A geographical and metaphorical fusion of East and West, Istanbul is the only city in the world that covers two continents. The Bosphorus crosses the center; Europe lies to the west, Asia to the east. For nearly 2,000 years, the ideal metropolis has been the cornerstone of some of the world's great empires, serving as the capital for the Romans (under the name of Constantinople), Byzantines, and Ottomans. The idea of Istanbul as a collision between East and West is immediately revealed, with monumental churches with mosques (the Hagia Sophia), Roman ruins, and unprecedented symbols of consumerism (the Grand Bazaar with its thousands of shops).
Although these iconic attractions are those that attract many of its tourists to this large city (the size of Shanghai) with 17 million inhabitants, visitors can easily miss what makes this city one of the most vibrant in the world right now.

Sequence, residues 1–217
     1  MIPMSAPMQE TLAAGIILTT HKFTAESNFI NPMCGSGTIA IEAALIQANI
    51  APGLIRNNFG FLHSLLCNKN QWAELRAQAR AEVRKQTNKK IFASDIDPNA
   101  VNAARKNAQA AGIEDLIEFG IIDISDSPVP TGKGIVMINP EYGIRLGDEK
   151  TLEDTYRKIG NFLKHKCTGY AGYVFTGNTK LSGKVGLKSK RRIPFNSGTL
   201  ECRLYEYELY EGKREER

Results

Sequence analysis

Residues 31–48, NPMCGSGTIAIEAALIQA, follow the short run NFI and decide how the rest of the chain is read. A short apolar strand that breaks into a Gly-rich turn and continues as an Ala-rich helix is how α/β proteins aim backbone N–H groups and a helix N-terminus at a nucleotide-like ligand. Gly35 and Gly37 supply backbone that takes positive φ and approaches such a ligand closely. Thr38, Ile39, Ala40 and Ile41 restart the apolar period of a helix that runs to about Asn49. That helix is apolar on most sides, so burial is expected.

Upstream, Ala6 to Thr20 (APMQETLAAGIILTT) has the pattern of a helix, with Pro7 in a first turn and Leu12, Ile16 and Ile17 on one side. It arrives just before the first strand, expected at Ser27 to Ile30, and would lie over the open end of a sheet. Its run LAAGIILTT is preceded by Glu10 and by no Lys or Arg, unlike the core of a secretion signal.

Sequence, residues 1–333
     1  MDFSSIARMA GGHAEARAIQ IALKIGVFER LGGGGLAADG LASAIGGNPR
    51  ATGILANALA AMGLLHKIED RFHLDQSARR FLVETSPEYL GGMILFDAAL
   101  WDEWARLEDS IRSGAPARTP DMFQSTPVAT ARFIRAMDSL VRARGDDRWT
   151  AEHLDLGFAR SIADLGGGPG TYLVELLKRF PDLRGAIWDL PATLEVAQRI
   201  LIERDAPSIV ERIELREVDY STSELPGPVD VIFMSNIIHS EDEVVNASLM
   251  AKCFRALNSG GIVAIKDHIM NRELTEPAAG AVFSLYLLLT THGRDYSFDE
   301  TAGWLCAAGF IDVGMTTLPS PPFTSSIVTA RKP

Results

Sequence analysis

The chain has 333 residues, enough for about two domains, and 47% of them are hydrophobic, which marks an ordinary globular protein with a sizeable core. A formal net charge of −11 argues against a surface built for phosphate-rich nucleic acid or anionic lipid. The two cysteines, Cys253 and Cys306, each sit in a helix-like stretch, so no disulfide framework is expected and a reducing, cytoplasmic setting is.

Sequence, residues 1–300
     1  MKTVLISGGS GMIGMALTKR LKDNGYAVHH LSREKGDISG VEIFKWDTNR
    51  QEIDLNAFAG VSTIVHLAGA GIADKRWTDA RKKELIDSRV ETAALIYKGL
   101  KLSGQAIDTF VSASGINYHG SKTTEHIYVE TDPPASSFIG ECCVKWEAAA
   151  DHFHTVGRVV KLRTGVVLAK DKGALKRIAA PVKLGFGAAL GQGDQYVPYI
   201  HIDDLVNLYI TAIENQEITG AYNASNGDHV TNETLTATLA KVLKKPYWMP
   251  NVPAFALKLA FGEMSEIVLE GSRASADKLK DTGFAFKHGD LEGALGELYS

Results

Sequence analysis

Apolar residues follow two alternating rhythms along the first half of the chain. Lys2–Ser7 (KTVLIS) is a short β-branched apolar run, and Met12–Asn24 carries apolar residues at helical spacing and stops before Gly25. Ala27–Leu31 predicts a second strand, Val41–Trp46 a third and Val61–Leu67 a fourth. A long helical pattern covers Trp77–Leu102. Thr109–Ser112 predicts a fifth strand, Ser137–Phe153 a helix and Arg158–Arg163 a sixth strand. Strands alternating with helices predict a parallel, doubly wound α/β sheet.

Increasingly prosperous, Istanbul has exciting neighborhoods, fine shops, and a thriving restaurant scene ranging from classic fares to new average interpretations of the Mediterranean by local standards. Its modern art museum - strategically located, where the dock is located - in new and offers both international exhibitions and Turkish artwork.
Istanbul is increasingly popular as a port of embarkation (or disembarkation) for a number of routes, from the Greek islands of the Black Sea and the eastern Mediterranean, trips towards the migration, twice a year, of ships between Europe and Asia. You can find up to six ships every day in a docking station. This noisy place, where the magic of praying several times a day overcomes the sound of shattered cars, is a great place to add a pre-or post-cruise stay.